Hybrid wound dressings with controlled release of antibiotics: Structure-release profile effects and in vivo study in a guinea pig burn model

Meital Zilberman, Dana Egozi, Maoz Shemesh, Aviad Keren, Eytan Mazor, Maya Baranes-Zeevi, Nyra Goldstein, Israela Berdicevsky, Amos Gilhar, Yehuda Ullmann

Research output: Contribution to journalArticlepeer-review

Abstract

Over the last decades, wound dressings have evolved from a crude traditional gauze dressing to tissue-engineered scaffolds. Many types of wound dressing formats are commercially available or have been investigated. We developed and studied hybrid bilayer wound dressings which combine a drug-loaded porous poly(dl-lactic-co-glycolic acid) top layer with a spongy collagen sublayer. Such a structure is very promising because it combines the advantageous properties of both layers. The antibiotic drug gentamicin was incorporated into the top layer for preventing and/or defeating infections. In this study, we examined the effect of the top layer's structure on the gentamicin release profile and on the resulting in vivo wound healing. The latter was tested on a guinea pig burn model, compared to the neutral non-adherent dressing material Melolin® (Smith & Nephew) and Aquacel® Ag (ConvaTec). The release kinetics of gentamicin from the various studied formulations exhibited burst release values between 8% and 38%, followed by a drug elution rate that decreased with time and lasted for at least 7 weeks. The hybrid dressing, with relatively slow gentamicin release, enabled the highest degree of wound healing (28%), which is at least double that obtained by the other dressing formats (8-12%). It resulted in the lowest degree of wound contraction and a relatively low amount of inflammatory cells compared to the controls. This dressing was found to be superior to hybrid wound dressings with fast gentamicin release and to the neat hybrid dressing without drug release. Since this dressing exhibited promising results and does not require frequent bandage changes, it offers a potentially valuable concept for treating large infected burns.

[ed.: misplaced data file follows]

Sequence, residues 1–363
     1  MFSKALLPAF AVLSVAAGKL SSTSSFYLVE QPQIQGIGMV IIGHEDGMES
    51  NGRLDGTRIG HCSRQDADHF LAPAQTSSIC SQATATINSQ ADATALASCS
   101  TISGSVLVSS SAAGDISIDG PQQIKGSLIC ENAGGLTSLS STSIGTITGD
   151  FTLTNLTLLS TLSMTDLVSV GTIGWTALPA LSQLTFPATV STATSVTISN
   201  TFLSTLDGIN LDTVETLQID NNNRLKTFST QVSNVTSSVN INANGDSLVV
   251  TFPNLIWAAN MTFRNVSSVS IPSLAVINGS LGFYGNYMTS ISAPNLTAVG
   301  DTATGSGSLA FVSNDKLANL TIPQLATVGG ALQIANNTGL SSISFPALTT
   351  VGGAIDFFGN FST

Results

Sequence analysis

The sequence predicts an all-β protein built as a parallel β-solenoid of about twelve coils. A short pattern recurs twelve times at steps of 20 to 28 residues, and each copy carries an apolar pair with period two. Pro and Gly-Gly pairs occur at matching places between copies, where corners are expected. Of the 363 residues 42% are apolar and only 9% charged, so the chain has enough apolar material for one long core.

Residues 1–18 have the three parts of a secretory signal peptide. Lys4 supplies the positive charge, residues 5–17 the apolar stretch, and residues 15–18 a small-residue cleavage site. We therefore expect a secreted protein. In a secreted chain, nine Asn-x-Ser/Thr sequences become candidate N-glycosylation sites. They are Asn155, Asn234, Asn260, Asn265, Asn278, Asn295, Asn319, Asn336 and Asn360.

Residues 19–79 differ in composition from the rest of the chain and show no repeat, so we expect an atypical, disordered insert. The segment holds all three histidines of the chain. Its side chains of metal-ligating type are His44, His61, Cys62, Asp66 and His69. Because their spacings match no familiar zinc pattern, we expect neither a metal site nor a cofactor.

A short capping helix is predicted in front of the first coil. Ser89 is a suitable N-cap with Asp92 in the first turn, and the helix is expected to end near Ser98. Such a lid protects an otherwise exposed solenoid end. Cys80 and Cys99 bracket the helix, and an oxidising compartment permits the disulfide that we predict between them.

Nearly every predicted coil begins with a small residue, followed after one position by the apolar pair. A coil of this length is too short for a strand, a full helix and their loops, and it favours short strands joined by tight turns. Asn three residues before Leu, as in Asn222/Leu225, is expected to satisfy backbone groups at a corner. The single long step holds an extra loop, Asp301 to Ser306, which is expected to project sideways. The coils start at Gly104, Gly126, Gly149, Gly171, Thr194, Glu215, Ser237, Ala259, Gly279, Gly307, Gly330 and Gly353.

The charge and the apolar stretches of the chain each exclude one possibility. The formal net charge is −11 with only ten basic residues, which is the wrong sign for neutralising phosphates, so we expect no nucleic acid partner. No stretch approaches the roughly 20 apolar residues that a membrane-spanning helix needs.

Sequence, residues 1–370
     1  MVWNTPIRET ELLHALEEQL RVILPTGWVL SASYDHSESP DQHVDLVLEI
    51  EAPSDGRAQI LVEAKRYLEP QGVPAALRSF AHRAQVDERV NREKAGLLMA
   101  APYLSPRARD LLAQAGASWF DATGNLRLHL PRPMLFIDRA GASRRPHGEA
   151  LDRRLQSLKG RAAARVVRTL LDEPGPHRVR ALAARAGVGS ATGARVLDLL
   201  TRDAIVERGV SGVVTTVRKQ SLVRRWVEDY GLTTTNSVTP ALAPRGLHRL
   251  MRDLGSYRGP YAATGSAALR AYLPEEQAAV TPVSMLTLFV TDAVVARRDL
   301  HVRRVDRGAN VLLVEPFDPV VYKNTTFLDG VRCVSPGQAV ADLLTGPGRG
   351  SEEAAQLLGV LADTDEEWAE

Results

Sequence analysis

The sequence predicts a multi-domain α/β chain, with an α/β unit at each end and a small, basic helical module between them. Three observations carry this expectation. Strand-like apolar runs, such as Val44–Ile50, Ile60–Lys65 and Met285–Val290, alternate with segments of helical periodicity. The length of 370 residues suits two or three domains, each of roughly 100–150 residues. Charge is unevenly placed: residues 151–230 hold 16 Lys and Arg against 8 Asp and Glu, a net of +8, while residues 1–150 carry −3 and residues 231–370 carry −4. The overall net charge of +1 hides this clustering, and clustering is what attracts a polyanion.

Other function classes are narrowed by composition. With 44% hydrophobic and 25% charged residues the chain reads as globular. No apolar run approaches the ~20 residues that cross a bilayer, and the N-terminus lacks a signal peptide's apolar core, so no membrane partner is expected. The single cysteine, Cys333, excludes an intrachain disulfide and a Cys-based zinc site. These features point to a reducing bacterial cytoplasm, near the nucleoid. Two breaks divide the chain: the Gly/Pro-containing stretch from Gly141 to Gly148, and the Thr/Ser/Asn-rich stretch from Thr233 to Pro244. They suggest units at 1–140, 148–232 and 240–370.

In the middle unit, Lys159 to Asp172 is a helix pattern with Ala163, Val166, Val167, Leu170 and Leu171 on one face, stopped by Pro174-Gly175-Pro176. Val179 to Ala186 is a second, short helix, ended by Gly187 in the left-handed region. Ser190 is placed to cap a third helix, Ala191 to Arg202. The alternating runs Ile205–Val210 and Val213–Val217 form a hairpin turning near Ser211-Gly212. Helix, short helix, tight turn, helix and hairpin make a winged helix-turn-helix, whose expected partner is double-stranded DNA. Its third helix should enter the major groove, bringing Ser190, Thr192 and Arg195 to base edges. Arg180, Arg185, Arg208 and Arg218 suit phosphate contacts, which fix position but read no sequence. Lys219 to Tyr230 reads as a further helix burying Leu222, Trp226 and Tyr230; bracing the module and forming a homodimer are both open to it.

Original languageEnglish
Pages (from-to)155-163
Number of pages9
JournalActa Biomaterialia
Volume22
DOIs
StatePublished - 1 Aug 2015

Keywords

  • Collagen
  • Gentamicin
  • Infection
  • Poly(DL-lactic-co-glycolic acid)
  • Wound healing

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